Hogan Lovells’ gender pay gap has widened to over 30%, driven up by bonuses for lawyers. Elsewhere in the City, discrepancies in pay show little sign of improvement.

Hogan Lovells has reported a mean gender pay gap of 31.7% for employees, up from 18.7% in 2019. The firm said bonuses paid in April 2020, based on chargeable hours, had a ‘substantially adverse impact’ on the data.

‘Our bonus pay is impacted by several factors: a higher proportion of women perform senior non-fee earning roles and are therefore not eligible for chargeable hours bonuses, a significant proportion work part-time (one in five), and/or have taken a period of family leave. This results in pro-bonuses which influence our bonus gap,’ the firm said.

If the additional bonus had not been paid early, the mean hourly pay gap would have been less than 1% different from 2019.

Among lawyers – excluding partners – the gender pay gap stands at 3.1%. The firm’s combined gender pay gap for employees and partners is significantly higher, however, at 56% (down from 57.8% in 2019). Some 27% of Hogan Lovells’ global partnership is female, and women make up 30% of UK partners.

The firm said it ‘became clear very quickly after lockdown’ that female staff were particularly impacted by Covid-19. ‘We reviewed our policies, processes, and procedures to ensure we put in place additional support for our people and line managers tackling the challenges that arose.’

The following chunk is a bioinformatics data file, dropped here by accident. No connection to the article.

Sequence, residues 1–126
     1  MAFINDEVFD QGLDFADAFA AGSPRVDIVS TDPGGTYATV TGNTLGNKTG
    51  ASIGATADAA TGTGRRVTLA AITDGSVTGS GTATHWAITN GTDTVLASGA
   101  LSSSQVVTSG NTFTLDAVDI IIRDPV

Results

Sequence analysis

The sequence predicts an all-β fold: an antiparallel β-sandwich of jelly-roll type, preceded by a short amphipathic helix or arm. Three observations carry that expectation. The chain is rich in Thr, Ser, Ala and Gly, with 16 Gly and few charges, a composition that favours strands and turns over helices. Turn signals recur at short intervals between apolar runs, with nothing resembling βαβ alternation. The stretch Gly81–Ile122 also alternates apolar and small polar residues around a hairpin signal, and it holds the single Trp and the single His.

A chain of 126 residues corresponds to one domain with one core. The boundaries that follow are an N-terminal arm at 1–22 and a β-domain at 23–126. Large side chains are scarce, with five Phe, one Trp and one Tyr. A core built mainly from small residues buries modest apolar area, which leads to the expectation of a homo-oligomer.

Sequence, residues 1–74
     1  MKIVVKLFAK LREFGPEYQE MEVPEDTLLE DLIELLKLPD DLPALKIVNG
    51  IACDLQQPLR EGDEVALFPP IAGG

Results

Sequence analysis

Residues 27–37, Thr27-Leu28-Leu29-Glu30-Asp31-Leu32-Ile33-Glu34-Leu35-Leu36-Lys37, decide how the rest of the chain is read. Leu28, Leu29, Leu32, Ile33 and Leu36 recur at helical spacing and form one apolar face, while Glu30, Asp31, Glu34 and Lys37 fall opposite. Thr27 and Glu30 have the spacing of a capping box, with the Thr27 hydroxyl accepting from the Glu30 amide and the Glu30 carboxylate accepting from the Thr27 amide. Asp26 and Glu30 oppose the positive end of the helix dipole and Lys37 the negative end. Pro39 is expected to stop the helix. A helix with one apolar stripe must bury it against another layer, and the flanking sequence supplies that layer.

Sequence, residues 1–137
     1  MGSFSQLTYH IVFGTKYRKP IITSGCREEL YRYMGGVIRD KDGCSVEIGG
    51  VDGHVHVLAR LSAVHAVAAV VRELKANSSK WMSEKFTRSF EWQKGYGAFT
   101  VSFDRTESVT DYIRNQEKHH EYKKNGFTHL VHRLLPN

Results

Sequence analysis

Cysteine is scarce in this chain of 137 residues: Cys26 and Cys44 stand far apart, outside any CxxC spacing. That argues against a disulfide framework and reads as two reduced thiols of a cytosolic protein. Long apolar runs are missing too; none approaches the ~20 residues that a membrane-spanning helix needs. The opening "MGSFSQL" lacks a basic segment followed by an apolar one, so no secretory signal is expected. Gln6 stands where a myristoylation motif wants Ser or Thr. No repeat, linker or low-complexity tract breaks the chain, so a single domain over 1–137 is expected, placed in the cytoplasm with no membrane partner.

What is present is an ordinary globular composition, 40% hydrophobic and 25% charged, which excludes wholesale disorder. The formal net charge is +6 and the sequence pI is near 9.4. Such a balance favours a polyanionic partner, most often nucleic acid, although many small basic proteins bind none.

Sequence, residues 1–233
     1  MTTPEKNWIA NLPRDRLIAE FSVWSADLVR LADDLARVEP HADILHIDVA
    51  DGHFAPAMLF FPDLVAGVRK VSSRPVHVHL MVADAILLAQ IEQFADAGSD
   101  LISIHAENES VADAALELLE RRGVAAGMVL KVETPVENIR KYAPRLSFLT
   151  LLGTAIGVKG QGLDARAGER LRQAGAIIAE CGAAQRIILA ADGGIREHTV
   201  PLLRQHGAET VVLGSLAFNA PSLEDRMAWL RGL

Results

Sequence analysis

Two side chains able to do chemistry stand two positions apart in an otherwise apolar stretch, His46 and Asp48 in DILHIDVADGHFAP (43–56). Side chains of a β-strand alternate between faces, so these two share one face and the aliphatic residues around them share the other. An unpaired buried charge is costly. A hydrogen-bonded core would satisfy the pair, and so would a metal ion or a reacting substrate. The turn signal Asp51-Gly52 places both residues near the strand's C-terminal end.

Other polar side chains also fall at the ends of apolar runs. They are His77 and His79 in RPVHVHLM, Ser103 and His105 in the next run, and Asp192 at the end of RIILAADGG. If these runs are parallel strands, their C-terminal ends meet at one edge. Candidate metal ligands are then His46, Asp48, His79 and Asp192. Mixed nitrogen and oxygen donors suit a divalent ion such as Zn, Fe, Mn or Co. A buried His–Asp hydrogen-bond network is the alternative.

London city women

Hogan Lovells’ gender pay gap widened to over 30% this year

Hogan Lovells also reported an ethnicity pay gap of 9.5%, in line with 2019.

Elsewhere in the City, magic circle Clifford Chance has reported a employee gender pay gap of 19.1%, down from 20% on 2020. Its overall pay gap – including partners – fell from 65.7% to 63.5%.

On ethnicity, the firm’s overall pay gap is 47.5% down from 51.6% in 2019.

Michael Bates, UK regional managing partner, said: 'Last year, we determined to find accelerators that we hope will break through the all-too-gradual pace of change in the sector. While our pay gap data shows that we are moving in the right direction, this progress remains slower than we would like, and we have more to do to realise our global inclusion strategy to change the rules, change the culture, change the lived experience.'

Clyde & Co has published a firm-wide gender pay cap of is 57.5%, up from 56.8% in 2019. Earlier this year, Linklaters also revealed that its gender and ethnicity pay gaps had widened slightly, with the most significant cause of pay discrepancies still unchanged.